FIG. 5 is a perspective view of the paperboard container with front and back panels folded upright in accordance with the present disclosure;

FIG. 6 is a perspective view of the paperboard container shown in FIG. 5 and rotated 180 degrees to show the adhesive strip on the corresponding second top panel, with a first top panel folded down, and showing a second, adhesive-carrying top panel approaching the first top panel in accordance with the present disclosure;

FIG. 7 is a perspective view of the paperboard container in a closed and sealed configuration in preparation for shipping in accordance with the present disclosure;

FIG. 8 is a perspective view of the paperboard with a first tear-away strip being torn off to open the paperboard container in accordance with the present disclosure;

FIG. 9 is a perspective view of the paperboard container in an opened and substantially flat configuration for access to the item contained inside the container, after a recipient has opened the paperboard container in accordance with the present disclosure;

FIG. 10 is a perspective view of the paperboard container in a reversed, open orientation in which the container has been flipped to permit the former outside surface of the container to be used as the inside surface of the reused container, in preparation for a subsequent reuse of the paperboard container;

FIG. 11 is a perspective view of the paperboard container in the reversed orientation during the subsequent reuse, in which the left side panel, the right side panel, the front panel, and the back panel have been folded upright in preparation for closing and sealing the paperboard container in accordance with the present disclosure;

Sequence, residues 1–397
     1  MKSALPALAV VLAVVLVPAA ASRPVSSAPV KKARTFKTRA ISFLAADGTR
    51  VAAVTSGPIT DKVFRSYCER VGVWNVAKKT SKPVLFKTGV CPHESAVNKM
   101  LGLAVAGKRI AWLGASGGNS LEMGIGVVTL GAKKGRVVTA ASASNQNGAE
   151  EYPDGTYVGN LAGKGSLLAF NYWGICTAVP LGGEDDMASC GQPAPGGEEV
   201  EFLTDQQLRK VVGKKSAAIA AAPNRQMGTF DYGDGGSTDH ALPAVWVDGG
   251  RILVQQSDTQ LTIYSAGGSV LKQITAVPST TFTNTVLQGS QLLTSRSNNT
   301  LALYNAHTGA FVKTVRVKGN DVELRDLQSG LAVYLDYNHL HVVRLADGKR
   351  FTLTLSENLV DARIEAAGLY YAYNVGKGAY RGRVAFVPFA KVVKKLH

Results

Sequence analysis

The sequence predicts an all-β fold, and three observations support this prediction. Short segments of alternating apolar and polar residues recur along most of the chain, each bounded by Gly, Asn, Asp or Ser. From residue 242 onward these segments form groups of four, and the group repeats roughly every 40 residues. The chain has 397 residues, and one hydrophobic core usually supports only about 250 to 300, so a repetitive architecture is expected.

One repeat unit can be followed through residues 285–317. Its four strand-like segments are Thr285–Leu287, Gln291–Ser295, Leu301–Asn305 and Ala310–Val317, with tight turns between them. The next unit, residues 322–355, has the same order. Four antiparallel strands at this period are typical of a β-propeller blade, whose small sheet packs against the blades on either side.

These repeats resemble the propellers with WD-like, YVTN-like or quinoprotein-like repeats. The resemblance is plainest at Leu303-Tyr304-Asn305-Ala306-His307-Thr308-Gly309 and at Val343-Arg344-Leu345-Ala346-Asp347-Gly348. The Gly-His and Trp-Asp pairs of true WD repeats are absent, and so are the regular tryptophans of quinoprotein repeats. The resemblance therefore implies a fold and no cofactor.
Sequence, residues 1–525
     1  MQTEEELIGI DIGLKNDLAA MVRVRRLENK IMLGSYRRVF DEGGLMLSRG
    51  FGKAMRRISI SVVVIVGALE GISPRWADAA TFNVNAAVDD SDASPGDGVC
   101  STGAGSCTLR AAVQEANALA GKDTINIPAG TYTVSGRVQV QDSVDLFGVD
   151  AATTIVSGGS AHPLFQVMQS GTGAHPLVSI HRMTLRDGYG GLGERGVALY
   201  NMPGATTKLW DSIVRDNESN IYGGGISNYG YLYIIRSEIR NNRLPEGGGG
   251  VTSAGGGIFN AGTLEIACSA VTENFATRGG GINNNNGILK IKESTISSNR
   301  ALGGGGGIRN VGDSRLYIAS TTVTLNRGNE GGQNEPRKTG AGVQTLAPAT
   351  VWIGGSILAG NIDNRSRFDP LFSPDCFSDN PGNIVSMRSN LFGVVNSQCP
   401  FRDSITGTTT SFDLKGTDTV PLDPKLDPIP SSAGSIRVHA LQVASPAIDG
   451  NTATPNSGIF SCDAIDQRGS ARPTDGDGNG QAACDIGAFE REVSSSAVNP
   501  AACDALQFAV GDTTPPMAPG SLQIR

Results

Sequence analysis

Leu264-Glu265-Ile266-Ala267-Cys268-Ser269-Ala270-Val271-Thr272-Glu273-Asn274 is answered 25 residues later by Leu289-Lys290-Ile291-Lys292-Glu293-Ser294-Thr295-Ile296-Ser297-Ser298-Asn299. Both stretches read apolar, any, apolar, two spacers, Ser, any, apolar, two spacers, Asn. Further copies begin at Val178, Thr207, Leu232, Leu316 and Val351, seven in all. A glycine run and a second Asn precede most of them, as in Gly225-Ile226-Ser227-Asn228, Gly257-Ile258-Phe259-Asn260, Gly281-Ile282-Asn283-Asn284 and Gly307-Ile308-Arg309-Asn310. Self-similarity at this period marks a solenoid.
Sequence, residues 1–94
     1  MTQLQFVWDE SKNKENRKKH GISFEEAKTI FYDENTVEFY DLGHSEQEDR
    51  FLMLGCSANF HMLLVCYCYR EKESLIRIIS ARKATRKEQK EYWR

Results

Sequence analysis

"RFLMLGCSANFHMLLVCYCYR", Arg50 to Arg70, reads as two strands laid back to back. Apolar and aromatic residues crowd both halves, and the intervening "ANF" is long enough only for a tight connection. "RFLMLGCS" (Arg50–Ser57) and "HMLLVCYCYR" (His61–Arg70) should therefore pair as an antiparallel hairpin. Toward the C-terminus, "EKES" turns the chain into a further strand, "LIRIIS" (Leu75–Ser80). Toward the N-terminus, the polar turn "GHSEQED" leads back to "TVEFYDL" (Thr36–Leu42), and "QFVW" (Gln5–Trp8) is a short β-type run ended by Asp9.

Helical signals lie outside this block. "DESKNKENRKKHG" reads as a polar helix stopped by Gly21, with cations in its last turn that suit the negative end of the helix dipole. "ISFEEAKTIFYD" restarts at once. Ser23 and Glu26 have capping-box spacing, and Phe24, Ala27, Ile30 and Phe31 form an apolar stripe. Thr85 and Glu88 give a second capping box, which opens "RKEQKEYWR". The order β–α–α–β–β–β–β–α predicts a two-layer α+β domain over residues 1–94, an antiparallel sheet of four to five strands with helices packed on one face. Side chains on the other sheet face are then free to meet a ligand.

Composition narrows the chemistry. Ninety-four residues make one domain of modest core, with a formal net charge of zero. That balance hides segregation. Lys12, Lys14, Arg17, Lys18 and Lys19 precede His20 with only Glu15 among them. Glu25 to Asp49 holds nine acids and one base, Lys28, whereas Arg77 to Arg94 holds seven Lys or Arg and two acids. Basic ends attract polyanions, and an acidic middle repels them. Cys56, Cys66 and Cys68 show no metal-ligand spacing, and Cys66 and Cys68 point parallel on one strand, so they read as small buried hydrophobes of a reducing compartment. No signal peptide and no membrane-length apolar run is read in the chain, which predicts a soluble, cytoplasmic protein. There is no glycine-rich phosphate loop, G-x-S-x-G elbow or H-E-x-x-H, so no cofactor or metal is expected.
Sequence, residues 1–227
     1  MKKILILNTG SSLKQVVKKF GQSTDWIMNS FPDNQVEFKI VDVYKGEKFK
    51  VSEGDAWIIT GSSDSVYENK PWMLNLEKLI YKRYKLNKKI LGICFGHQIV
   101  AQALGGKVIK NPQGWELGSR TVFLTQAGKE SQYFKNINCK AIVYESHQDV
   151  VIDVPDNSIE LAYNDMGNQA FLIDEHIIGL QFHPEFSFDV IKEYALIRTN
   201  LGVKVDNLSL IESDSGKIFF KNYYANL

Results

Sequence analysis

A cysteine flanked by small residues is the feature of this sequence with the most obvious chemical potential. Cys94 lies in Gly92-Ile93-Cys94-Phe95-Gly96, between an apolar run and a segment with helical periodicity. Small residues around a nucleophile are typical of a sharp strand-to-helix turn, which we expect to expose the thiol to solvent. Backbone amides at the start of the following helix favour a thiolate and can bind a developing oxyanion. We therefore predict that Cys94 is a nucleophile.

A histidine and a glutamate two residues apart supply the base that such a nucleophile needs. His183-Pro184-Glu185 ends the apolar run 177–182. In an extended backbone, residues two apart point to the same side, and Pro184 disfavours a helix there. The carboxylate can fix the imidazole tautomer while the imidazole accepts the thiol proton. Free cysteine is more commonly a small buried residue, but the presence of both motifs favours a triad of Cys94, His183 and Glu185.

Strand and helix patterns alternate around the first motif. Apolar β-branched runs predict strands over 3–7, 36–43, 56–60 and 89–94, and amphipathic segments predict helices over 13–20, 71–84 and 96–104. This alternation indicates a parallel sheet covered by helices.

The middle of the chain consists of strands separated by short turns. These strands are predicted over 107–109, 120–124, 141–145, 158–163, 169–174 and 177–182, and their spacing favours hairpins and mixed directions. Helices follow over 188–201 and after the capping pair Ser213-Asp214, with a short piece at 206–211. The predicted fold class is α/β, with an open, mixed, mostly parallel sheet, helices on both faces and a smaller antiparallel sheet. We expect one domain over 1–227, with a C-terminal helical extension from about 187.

FIG. 12 is a perspective view of the paperboard container in the reversed orientation during the subsequent reuse, in which an adhesive-carrying top panel has been folded down, and showing that an adhesive strip backing of a second adhesive strip has been partially removed as to expose underlying adhesive material in accordance with the present disclosure;

FIG. 13 is a perspective view of the paperboard container in the reversed orientation during the subsequent reuse, in which the paperboard container has been closed and sealed in preparation for a subsequent delivery in accordance with the present disclosure;

FIG. 14 is a perspective view of the paperboard container in the reversed orientation during the subsequent use, in which a second tear-away strip is being removed to open the paperboard container a second time in accordance with the present disclosure;

FIG. 15A is an alternate embodiment of the paperboard container depicted in FIG. 1, in which the paperboard container includes visual markings indicating where a first adhesive strip can be placed for a first use of the container and where a second adhesive strip can be placed for a second use of the container;